Eddie Jones will be eager to tick some boxes at Twickenham on Sunday against the Barbarians.
He has asked his men to play with passion, pride and energy because they can “do something special for the English rugby community and the wider community” in difficult times.
Ahead of an intriguing, unique autumn, here are a few more goals that Jones will want to fulfill.
Authority from Owen Farrell
Since kicking 15 points in a 33-30 victory over Wales on March 7, England’s skipper has played precisely 141 minutes of rugby for Saracens. And, as you will know, his emergence from lockdown did not go entirely to plan.
An 18-point outing against Harlequins in August was sharp and slick. But then came a slight quadriceps injury and a clunky, error-strewn afternoon at Allianz Park two weeks later that ended prematurely when Farrell clattered 18-year-old Wasps fly-half Charlie Atkinson and was sent off.
A five-week ban relegated him to water boy duties for Saracens’ stirring Champions Cup performances against Leinster and Racing 92. Farrell would have had an influential role in preparations, but would have been itching for more.
This meeting with the Barbarians should constitute his third appearance in over seven months. It is a sympathetic way for Farrell to shake off rust before an interesting autumn schedule of five Tests.
Jones will not care too much for the buzz surrounding Joe Simmonds, Jacob Umaga and Marcus Smith. Still, an authoritative match from his captain – and George Ford if he persists with his trusted 10-12 axis – might mean he fields fewer questions about fly-half options.
In the first episode of its latest season, The Next Level, a YouTube series from the RFU, depicted Farrell speaking in tone-setting meetings at the Lensbury and prior to a Twickenham training run. His desire does not seem to have dimmed.
“This is going to be an attitude session,” he said at Twickenham. “It’s about the tough stuff. Getting off the line, getting in front, kick-chase – the attitudinal stuff that’s going to be the base of our game.”
Tenacious leadership is a given with Farrell. He, and his head coach, will want to match that with a strong all-round display.
A convincing outcome
Before a meeting with Fiji four years ago, Jones vowed that England would be playing “fish and chip rugby”. Essentially, he did not want his side to provide their free-running opponents with broken-field situations.
Those words from Farrell underline England’s uncomplicated priorities for Sunday. They will have noted the two Bledisloe Cup encounters as well.
Even though conditions were perfect for expansive attack at the weekend, New Zealand stripped things back and imparted a far more direct gameplan. Explosive wing Caleb Clarke proved to be Australia’s chief tormentor.
Jones has an odd relationship with this fixture. In 2018, he conveniently denied it had even existed when arguing that England were on a losing run of five rather than six games on the tour of South Africa. His charges were beaten in their final three Six Nations games before losing 63-45 to Pat Lam’s invitational team and falling short twice against the Springboks.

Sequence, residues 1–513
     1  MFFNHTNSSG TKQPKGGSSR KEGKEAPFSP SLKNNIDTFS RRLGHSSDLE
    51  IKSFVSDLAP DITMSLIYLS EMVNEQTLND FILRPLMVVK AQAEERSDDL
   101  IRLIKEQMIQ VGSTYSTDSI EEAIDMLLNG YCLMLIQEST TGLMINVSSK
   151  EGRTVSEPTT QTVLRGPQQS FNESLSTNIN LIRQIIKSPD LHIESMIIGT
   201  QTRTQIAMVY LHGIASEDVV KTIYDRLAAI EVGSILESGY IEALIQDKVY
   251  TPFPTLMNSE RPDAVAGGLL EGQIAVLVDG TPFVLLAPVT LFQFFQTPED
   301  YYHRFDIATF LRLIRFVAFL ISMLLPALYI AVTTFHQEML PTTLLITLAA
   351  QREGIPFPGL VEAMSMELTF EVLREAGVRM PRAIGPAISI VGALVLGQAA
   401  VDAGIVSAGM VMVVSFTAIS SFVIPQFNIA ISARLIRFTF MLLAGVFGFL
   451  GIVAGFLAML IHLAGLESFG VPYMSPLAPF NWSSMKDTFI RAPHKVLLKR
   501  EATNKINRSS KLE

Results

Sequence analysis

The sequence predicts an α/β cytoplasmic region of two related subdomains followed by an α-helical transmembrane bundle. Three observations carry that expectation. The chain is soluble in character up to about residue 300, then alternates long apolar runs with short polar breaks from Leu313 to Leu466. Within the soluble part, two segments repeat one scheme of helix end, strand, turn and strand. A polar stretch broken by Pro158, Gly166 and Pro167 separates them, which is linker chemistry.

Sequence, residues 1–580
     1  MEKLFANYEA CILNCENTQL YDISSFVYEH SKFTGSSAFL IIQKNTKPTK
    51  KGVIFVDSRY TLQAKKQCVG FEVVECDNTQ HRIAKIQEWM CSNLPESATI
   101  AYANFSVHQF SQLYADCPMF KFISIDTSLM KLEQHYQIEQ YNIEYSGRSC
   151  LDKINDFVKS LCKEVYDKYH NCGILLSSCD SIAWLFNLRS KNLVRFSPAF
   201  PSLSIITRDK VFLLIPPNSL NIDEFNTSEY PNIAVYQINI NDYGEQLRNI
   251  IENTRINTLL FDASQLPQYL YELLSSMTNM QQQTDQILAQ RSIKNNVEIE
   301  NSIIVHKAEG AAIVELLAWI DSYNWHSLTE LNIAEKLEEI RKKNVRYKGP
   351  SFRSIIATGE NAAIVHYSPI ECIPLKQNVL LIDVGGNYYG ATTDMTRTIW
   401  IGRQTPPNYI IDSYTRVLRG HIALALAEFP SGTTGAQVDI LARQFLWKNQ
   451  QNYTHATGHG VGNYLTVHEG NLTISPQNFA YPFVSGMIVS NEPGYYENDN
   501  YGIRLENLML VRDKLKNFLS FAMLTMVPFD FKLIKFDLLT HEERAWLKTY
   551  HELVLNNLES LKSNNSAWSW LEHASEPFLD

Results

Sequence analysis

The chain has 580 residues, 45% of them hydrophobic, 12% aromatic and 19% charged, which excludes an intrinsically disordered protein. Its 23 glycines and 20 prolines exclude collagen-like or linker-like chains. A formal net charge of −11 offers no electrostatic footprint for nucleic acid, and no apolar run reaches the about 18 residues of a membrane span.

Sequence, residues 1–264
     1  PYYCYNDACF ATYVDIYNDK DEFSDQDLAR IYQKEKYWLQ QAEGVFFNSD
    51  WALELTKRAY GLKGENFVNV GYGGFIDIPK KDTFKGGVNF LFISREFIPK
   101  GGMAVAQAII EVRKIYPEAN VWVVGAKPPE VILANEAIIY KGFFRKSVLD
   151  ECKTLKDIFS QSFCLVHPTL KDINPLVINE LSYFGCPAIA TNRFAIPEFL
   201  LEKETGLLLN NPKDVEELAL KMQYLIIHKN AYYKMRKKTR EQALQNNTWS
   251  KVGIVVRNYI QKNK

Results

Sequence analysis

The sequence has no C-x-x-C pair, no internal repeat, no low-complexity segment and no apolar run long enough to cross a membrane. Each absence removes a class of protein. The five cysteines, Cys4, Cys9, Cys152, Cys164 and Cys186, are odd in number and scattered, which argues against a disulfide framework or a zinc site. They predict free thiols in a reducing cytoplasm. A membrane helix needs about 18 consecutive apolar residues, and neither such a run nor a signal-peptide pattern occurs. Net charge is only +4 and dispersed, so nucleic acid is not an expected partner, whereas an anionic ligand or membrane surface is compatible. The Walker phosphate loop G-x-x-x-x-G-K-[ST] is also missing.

Last summer, Jim Mallinder and a makeshift coaching set-up took the reins. Jones gave himself separation, but still popped in with a few pointers. This time, he has taken centre stage.
Plenty of experienced front-liners including Ford, Mark Wilson, Jonathan Joseph, Tom Curry, Sam Underhill and the Saracens contingent punctuate the 32-man squad. He will demand an uncompromising, stingy win.
Sharpness at scrum-half and backline speed
With Ben Spencer ignored and Dan Robson due to play in the Premiership final – with Harry Randall waiting to see if Bristol Bears are required – three scrum-halves remain.
Ben Youngs, Willi Heinz and heir apparent Alex Mitchell are vying for two spots in this curtain-raiser, where they will take on Richard Wigglesworth. The Next Level contains footage of attack coach Simon Amor drilling the distribution of those first two.
Later on, Youngs makes a snaking break at Twickenham. It feels like ancient history now, especially after Leicester Tigers’ struggles, but the 99-cap number nine enjoyed a decent Six Nations.
Elsewhere in the backline, Elliot Daly’s absence would seem to set up a three-way tussle for the full-back slot. Anthony Watson is the tried-and-tested option. George Furbank would welcome a chance to respond from what was a stuttering second half to his season. Ali Crossdale, just 22, is the wildcard.
The presence of four outside centres – Fraser Dingwall, Joseph, Joe Marchant and Ollie Lawrence – is in keeping with Jones’ penchant for versatile operators… as well as his ever-interesting selection strategy when it comes to midfield.
Marchant, proficient on the right wing, and Lawrence are particularly exciting. Ollie Thorley, so close to Test involvement previously, packs real punch as well. He ghosted between Billy Vunipola and Simon Kerrod in training last week, with the help of a sly block from Wilson:
In Youngs, Ford, Farrell, Jonny May and Joseph, England have enough know-how to look after the fresher faces.
Uncapped upstarts in the pack
Calum Clark, Chris Robshaw and Jackson Wray are all part of the Barbarians’ squad. That suggests England will be facing a gnarled, streetwise pack. Indeed, a large group of Saracens means that cohesion will not be a problem for their opponents.
Before players such as Luke Cowan-Dickie, Ben Earl and Jack Willis are reintegrated (or introduced, in Willis’ case, Jones will be keen for others to stand up and challenge the established order.
Bath boys Beno Obano, Tom Dunn, Will Stuart and Charlie Ewels can reprise their brawny club form. Joe Heyes, the 21-year-old Tiger cub, is one of two tighthead props. He will play. David Ribbans, rangy, athletic and tough, has a chance as well.
Alex Dombrandt enjoyed facing the Barbarians last year. His intuition, in attack and defence, is special.